Roadmap: Patient’s Guide to HIPAA: Part 1: Learning About HIPAA (FAQ 8 of 65)
HIPAA introduces the term protected health information or PHI. The actual definition is a conglomeration of nested and complex terms with even longer exceptions. It is too messy to bother with here. Instead, we offer a rule of thumb that will work just fine most of the time.
Roadmap: Patient’s Guide to HIPAA: Part 1: Learning About HIPAA (FAQ 9 of 65)
HIPAA doesn’t apply to every health record keeper or to every health record. Only covered entities must comply with HIPAA. Get used to the term covered entity because it comes up a lot. HIPAA recognizes and regulates three types of covered entities.
Roadmap: Patient’s Guide to HIPAA: Part 1: Learning About HIPAA (FAQ 10 of 65)
If you read the HIPAA privacy rule – and stayed awake while doing it – the rule would appear to be a welter of detailed and uncoordinated provisions. It actually has a structure, but that structure is difficult to appreciate unless you know about Fair Information Practices, or unless you read the original preamble to the rule from 2000.
Roadmap: Patient’s Guide to HIPAA:Part 1: Learning About HIPAA (FAQ 11 of 65)
This is a tough question to answer. Health care providers generally care about patient privacy, but health care providers have only some control over the records of their patients. Our complicated health care treatment and payment system places patient health information in the hands of many different providers, insurers, agencies, and others. Before HIPAA, we believe that the health care system mostly paid lip service to privacy. How many hospitals offered you a notice or privacy practices before HIPAA? How many trained their staff in privacy? How many told you that you had a right to see and copy your own records? Before HIPAA, active privacy policies were a rarity in health care. By this measure, HIPAA made some definite improvements.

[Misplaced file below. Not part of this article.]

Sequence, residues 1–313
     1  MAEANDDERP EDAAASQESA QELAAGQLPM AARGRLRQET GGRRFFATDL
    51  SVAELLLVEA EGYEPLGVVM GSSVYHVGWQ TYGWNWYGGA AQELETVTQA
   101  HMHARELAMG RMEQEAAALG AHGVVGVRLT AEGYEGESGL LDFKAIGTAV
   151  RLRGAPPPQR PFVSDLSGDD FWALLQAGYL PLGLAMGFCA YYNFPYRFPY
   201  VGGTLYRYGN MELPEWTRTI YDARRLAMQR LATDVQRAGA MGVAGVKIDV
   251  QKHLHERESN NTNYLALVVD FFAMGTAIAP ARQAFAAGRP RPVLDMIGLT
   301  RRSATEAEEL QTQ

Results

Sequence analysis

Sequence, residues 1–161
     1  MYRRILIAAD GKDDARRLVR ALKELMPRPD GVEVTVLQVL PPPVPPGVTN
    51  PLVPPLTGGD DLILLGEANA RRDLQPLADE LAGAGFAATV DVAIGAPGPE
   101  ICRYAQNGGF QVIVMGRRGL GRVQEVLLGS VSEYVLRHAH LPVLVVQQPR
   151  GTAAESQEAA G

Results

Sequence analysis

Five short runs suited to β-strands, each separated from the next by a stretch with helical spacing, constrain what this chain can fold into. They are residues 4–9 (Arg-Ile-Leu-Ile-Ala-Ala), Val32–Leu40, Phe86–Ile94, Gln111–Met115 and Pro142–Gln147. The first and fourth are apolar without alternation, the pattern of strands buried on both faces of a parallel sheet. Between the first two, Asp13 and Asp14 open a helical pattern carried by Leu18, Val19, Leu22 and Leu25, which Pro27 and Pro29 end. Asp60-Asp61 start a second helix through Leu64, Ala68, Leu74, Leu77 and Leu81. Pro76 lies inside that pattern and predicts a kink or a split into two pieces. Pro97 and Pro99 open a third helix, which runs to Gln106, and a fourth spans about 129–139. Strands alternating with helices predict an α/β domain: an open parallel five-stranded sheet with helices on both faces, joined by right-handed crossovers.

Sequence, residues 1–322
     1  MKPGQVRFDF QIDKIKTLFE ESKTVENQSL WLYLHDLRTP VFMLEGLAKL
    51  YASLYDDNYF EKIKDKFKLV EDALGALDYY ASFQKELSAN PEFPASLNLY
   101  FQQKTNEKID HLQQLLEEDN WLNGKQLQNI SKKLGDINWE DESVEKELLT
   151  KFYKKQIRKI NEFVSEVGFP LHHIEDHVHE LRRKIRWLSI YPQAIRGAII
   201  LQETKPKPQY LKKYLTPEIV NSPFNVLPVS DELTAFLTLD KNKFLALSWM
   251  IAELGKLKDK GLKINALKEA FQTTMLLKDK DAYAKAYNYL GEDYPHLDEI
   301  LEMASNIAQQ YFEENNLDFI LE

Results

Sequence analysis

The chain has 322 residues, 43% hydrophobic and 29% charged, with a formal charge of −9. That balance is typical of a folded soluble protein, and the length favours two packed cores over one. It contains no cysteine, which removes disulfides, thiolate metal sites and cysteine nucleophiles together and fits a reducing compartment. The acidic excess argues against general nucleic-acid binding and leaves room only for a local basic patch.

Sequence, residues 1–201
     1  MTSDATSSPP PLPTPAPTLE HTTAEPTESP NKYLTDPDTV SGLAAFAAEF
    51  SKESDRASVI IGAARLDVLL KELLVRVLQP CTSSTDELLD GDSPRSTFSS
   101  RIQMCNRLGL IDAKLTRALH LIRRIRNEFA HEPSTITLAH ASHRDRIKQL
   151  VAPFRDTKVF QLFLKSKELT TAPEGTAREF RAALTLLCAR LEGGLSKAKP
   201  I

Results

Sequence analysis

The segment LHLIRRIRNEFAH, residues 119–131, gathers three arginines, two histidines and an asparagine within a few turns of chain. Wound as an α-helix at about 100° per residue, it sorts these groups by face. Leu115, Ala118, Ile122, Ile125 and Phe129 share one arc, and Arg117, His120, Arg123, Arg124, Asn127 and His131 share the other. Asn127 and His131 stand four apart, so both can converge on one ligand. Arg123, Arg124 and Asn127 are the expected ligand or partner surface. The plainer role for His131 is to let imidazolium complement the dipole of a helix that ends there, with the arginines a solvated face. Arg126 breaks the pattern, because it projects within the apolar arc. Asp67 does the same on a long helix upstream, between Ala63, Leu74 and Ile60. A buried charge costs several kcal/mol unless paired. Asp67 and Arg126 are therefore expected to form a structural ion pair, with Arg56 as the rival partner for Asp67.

Roadmap: Patient’s Guide to HIPAA: Part 1: Learning About HIPAA (FAQ 12 of 65)
In this guide, we point out some shortcomings with the HIPAA rule. The rule doesn’t require covered entities to do everything that you might want. It may not protect privacy sufficiently or define your rights as expansively as you think it should.